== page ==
• Metal Laser Sintering:

  • For direct production of tooling, including for plastic injection molding, metal die casting, sheet metal forming as well as metal parts, directly from steel based and other metal powders.

  • A gear for Volvo Corp.

  • Die Cast Parts (500 Al parts produced)

  • Motor Housing

Selective Laser Sintering a run.

  • Sand Laser Sintering:

  • Laser Sintering System for direct, boxless manufacture of sand cores and moulds for metal casting.

  • V6-24 Valve Cylinder Head.

  • Impeller

  • Steering Block for a car

Metu system

  • EOS EOSINT P380 Rapid Prototyping System

Additive Fabrication vs Subtractive Fabrication a run.

  • Additive Fabrication methods (RP) can not become complete replacement for the Subtractive Fabrication methods (Milling, Turning, EDM etc.)

  • Subtractive methods:

    • have reached an extraordinary level of development and they continue to evolve.

    • they are fast, versatile, inexpensive, readily available and well-understood by large numbers of practitioners.

    • in many cases they are quite sufficient to make prototypes rapidly,

    • no equal when it's necessary to make very precise parts in final materials.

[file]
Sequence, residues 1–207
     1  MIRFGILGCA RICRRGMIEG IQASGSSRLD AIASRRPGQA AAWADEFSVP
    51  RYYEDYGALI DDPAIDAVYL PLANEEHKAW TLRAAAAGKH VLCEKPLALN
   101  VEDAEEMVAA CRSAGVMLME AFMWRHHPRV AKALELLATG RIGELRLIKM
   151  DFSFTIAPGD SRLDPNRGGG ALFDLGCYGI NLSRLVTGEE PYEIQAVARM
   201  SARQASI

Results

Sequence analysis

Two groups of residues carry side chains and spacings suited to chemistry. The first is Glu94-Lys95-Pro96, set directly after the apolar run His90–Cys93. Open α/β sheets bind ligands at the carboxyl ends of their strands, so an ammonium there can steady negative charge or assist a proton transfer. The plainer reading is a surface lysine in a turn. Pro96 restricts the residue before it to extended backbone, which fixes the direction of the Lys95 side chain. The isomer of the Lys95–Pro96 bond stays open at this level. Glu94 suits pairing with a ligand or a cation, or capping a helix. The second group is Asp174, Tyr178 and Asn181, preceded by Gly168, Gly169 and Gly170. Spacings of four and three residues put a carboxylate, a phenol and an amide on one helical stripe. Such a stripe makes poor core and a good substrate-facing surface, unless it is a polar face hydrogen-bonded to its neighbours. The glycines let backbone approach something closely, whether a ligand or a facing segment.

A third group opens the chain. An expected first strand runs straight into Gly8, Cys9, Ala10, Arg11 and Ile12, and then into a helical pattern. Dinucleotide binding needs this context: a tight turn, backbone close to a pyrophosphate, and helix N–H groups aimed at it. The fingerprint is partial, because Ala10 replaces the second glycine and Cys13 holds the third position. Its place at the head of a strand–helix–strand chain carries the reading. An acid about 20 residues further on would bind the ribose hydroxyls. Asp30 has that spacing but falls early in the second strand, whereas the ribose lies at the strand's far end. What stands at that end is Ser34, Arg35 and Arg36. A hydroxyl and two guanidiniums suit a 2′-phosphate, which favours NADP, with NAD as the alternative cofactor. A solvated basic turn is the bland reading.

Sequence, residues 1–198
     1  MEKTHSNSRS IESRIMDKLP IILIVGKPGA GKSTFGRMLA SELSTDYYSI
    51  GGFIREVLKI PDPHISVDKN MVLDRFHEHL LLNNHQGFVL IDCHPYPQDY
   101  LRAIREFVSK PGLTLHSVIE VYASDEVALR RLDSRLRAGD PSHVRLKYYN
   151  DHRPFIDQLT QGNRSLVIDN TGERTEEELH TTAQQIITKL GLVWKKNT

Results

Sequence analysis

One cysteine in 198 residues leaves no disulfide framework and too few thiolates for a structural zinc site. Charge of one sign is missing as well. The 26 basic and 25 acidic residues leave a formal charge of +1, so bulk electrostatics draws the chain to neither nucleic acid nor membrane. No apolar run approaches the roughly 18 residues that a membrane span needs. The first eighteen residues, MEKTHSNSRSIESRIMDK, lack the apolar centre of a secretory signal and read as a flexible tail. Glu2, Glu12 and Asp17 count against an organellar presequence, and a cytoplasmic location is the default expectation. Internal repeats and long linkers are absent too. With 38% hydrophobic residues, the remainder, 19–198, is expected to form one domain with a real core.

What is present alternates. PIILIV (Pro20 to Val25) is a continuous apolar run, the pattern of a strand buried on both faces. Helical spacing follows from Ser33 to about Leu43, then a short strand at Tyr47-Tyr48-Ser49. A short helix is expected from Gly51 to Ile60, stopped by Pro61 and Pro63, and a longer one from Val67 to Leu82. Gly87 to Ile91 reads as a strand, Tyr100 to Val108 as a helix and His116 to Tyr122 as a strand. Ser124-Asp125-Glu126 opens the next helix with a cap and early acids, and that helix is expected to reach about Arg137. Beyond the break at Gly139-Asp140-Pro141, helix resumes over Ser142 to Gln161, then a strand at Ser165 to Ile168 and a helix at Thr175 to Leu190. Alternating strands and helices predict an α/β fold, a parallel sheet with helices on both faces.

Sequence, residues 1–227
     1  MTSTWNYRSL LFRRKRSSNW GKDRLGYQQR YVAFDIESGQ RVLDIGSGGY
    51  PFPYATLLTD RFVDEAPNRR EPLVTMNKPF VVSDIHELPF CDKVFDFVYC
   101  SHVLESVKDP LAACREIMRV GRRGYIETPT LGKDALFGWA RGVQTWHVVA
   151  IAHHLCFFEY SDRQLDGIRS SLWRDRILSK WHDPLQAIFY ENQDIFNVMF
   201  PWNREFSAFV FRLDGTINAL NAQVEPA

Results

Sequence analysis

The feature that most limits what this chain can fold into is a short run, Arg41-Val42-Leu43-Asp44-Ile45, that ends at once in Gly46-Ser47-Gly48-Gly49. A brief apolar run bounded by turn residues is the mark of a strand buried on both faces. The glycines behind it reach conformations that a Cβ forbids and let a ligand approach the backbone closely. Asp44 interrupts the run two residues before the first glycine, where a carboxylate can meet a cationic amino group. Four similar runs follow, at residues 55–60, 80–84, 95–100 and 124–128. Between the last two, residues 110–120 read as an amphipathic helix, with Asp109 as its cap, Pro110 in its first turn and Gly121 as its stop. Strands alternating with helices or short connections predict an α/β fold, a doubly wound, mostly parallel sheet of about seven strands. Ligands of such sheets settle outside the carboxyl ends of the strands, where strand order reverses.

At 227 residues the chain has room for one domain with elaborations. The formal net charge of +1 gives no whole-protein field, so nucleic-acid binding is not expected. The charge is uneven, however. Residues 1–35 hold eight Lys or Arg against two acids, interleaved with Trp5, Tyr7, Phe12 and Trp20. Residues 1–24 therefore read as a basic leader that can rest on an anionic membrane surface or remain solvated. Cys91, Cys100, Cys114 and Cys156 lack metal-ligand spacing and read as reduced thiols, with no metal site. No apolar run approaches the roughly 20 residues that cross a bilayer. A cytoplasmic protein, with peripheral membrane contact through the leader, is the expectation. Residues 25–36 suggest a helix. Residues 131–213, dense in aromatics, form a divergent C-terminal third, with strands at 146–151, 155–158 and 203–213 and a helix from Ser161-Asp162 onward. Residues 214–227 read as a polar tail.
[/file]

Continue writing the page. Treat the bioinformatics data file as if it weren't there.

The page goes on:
Additive Fabrication vs Subtractive Fabrication a run.

  • Additive technologies are instead complementary to subtractive ones, if the situation calls for:

  • complex or intricate geometric forms,

  • simultaneous fabrication of multiple parts into a single assembly,

  • multiple materials or composite materials in the same part.

  • Additive technologies make it possible to completely control the composition of a part at every geometric location. Thus, RP is the enabling technology for controlled material composition as well as for geometric control.

Limitations of RP Methods a run.


    • Stair Stepping:

    • Since rapid prototyping builds object in layers, there is inevitably a "stairstepping" effect produced because the layers have a finite thickness.

Limitations of RP Methods a run.


    • Precision:

    • tolerances are still not quite at the level of CNC,

    • Because of intervening energy exchanges and/or complex chemistry one cannot say with any certainty that one method of RP is always more accurate than another, or that a particular method always produces a certain tolerance.

Limitations of RP Methods a run.


    • The finish and appearance of a part are related to accuracy, but also depend on the method of RP employed. Technologies based on powders have a sandy or diffuse appearance, sheet-based methods might be considered poorer in finish because the stairstepping is more pronounced.